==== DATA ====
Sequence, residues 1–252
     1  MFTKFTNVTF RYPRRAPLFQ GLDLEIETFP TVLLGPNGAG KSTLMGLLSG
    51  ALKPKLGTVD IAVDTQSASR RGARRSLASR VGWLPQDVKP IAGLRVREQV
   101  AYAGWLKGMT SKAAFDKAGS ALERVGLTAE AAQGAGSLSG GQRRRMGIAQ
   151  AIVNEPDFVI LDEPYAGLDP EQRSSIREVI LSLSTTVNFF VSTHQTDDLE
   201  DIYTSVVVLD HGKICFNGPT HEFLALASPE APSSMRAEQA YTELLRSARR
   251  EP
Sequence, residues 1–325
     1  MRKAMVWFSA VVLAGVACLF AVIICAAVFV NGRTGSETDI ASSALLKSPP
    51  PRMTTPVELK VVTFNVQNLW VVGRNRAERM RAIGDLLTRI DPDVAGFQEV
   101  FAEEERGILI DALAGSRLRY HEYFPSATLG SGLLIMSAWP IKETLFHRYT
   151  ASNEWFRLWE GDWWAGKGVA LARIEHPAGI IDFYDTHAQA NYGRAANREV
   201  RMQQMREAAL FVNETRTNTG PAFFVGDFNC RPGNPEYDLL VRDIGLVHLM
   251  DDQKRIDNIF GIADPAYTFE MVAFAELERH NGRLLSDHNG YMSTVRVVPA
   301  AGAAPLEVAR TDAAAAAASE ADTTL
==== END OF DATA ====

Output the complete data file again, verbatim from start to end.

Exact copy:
Sequence, residues 1–252
     1  MFTKFTNVTF RYPRRAPLFQ GLDLEIETFP TVLLGPNGAG KSTLMGLLSG
    51  ALKPKLGTVD IAVDTQSASR RGARRSLASR VGWLPQDVKP IAGLRVREQV
   101  AYAGWLKGMT SKAAFDKAGS ALERVGLTAE AAQGAGSLSG GQRRRMGIAQ
   151  AIVNEPDFVI LDEPYAGLDP EQRSSIREVI LSLSTTVNFF VSTHQTDDLE
   201  DIYTSVVVLD HGKICFNGPT HEFLALASPE APSSMRAEQA YTELLRSARR
   251  EP
Sequence, residues 1–325
     1  MRKAMVWFSA VVLAGVACLF AVIICAAVFV NGRTGSETDI ASSALLKSPP
    51  PRMTTPVELK VVTFNVQNLW VVGRNRAERM RAIGDLLTRI DPDVAGFQEV
   101  FAEEERGILI DALAGSRLRY HEYFPSATLG SGLLIMSAWP IKETLFHRYT
   151  ASNEWFRLWE GDWWAGKGVA LARIEHPAGI IDFYDTHAQA NYGRAANREV
   201  RMQQMREAAL FVNETRTNTG PAFFVGDFNC RPGNPEYDLL VRDIGLVHLM
   251  DDQKRIDNIF GIADPAYTFE MVAFAELERH NGRLLSDHNG YMSTVRVVPA
   301  AGAAPLEVAR TDAAAAAASE ADTTL